Manufacturer's Suggested Retail Price (MSRP), also known as "sticker" price, is a recommended selling price that automakers give a new car that is above the invoice price paid by the dealer. It is a price that does not include any options that can be added to a particular car style. When shown as a range, the prices are starting MSRPs, without options, for multiple styles for that model.
This price range reflects the Kelley Blue Book Suggested Retail value for all trim levels, but not necessarily all available options.
The Kelley Blue Book Suggested Retail value represents the amount an auto dealer might ask for a specific vehicle; the actual sale price will vary. A vehicle's popularity, condition, warranty, color and local market conditions are factors involved in determining a final price. The retail value is not a trade-in or private party value.
The Suggested Retail value assumes that the vehicle has been fully reconditioned and has a clean title history. The Suggested Retail value also allows for advertising, sales commissions, insurance and other costs of doing business as a dealer. Most vehicles offered at this price have passed an inspection, and some may carry a warranty. Vehicle mileage is assumed to be normal or below normal.
Best Bets get above-average mpg, class-average or better reliability, class-average or better crash-test ratings, and our recommendation.
By Rick Popely
June 20, 2001
Vehicle Overview The Camry, the best-selling car in the United States the last three years, enters its final season in its current form. A redesigned Camry is scheduled to arrive during the 2002 model year.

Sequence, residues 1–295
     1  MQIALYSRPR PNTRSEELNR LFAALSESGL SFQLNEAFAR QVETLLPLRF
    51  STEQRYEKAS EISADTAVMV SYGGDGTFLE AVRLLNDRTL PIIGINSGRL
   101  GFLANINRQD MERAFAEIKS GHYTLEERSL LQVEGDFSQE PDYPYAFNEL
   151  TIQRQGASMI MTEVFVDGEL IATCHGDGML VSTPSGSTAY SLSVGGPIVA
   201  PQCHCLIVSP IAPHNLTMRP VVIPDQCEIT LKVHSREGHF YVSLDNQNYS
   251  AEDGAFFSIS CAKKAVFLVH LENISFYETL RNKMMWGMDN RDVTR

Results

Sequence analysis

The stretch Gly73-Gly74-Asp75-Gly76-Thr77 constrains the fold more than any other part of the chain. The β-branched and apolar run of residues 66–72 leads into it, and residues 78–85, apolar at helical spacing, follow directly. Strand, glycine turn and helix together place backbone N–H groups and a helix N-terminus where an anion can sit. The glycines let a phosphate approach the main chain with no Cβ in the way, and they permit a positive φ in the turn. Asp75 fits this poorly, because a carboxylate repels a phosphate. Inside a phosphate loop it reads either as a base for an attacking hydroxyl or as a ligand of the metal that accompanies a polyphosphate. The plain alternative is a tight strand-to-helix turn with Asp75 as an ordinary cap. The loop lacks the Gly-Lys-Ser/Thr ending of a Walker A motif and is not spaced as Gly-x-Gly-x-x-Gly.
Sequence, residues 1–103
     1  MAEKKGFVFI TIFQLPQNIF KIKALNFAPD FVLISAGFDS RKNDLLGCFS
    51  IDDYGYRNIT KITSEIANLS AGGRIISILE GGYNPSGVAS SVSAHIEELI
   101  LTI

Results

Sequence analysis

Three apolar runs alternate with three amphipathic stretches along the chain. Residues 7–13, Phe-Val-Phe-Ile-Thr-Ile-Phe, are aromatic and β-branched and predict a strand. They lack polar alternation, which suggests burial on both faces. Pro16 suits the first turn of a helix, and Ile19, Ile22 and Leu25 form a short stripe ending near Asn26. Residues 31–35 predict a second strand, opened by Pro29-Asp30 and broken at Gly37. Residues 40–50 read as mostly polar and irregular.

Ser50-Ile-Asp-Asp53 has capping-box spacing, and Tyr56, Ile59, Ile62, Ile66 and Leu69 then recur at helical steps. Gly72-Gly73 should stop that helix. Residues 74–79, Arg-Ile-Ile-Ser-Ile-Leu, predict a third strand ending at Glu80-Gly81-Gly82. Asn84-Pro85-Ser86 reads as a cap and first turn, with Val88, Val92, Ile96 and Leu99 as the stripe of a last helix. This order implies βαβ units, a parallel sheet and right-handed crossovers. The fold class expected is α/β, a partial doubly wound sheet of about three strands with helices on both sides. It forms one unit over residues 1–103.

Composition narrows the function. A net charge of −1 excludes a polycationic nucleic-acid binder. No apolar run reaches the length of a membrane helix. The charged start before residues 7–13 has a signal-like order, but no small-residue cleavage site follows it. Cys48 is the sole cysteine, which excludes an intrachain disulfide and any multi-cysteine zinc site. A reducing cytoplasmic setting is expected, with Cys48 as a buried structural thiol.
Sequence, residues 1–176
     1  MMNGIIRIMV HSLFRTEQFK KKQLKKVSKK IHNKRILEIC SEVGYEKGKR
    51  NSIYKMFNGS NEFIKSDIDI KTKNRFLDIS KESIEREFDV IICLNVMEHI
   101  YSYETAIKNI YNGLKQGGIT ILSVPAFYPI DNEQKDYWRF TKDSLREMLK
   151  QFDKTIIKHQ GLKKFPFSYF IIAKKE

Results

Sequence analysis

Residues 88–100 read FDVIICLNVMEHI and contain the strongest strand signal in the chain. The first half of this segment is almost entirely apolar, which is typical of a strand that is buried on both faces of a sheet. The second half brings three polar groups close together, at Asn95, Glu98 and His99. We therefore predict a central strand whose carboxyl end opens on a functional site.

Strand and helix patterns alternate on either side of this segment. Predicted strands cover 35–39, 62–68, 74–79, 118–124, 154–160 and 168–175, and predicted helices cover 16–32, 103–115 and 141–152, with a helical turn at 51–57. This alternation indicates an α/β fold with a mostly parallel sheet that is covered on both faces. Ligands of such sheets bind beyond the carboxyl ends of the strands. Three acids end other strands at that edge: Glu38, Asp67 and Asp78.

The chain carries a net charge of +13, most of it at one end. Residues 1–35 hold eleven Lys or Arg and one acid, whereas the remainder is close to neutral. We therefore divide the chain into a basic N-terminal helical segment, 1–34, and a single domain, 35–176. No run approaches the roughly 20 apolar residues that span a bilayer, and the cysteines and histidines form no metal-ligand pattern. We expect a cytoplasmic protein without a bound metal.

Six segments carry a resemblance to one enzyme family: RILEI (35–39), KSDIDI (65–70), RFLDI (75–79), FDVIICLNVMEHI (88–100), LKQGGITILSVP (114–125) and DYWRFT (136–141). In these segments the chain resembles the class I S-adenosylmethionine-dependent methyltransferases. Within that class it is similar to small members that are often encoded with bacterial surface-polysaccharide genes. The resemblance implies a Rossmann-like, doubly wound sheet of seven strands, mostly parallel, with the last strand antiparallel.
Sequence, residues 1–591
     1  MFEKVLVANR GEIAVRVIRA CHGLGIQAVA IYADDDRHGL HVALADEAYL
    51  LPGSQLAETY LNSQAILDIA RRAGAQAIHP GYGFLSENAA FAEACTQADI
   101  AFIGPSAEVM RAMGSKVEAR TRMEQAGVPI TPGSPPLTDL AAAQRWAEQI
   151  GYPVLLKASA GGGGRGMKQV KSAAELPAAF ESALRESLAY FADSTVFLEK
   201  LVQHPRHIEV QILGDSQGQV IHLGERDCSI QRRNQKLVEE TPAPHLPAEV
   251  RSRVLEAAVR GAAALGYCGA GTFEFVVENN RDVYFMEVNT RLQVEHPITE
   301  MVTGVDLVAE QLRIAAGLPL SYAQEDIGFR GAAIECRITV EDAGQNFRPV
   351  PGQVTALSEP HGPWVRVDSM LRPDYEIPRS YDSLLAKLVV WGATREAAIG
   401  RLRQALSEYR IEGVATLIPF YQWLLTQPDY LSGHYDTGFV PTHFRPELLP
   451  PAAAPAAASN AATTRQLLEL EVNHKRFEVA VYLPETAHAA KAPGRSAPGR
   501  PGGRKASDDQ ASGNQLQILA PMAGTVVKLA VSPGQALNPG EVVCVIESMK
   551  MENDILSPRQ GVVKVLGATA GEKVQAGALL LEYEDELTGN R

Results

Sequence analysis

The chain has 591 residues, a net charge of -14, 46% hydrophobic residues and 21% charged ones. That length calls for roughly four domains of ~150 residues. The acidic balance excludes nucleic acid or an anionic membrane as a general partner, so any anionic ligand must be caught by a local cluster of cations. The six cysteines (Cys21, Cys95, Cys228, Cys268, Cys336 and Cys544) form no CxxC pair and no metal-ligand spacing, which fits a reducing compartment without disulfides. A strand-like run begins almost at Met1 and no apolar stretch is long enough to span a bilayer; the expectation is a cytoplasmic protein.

The big news for this year is a new Gallery Series version of the LE model the most popular Camry. Two-tone paint and interior trim and chrome accents inside and outside are key elements of the package.
Toyota sells more than 400,000 Camrys a year in the United States, and the same front-drive platform serves as the basic architecture for the Camry Solara coupe and convertible, the Avalon sedan and the Lexus ES 300. Most Camrys sold in the United States are built at Toyotas Georgetown, Ky., plant, but some are imported from Japan.
Exterior The Camrys 105-inch wheelbase is 2 inches shorter than the rival Honda Accords, and the 189-inch overall length is the same as the Accords. But unlike the Accord, which comes in coupe and sedan styling, the Camry comes only as a sedan. The Camry Solara coupe and convertible, which wear different styling, is treated as a separate model by Toyota.
Interior The Camry has ample space for four adults, and the drivers seat has enough fore-aft travel to accommodate tall or short people. The dashboard layout is a typical Toyota design that is uncluttered, attractive and convenient, except for the climate controls, which are too low to operate easily while driving. Split rear seatbacks are standard on all models and supplement the 14-cubic-foot trunk.
Under the Hood A 2.2-liter four-cylinder engine with 136 horsepower is standard on the CE and LE models. A 194-hp 3.0-liter V-6 is standard on the XLE and optional on the LE. Versions of the V-6 also are used in the Lexus ES 300 sedan and RX 300 sport utility vehicle. A five-speed manual transmission is standard on the CE and LE V-6, and a four-speed automatic is optional. All others come with the automatic.
Safety Side-impact airbags for the front seats are optional on all models. Antilock brakes are standard on V-6 models and optional on those with the four-cylinder engine, and traction control is optional on V-6 models with automatic transmission.
Performance The Camry is as close to a blue-chip investment as there is in a family car. All cars lose resale value as they age, but the Camry loses less than most, and someone else will be happy to buy yours when youre done with it.
The Camrys quality, reliability and durability are three more good reasons to buy this car. Because the ES 300 uses the same basic design as the Camry, some of what makes the ES 300 a good entry-level luxury car makes the Camry an excellent family car.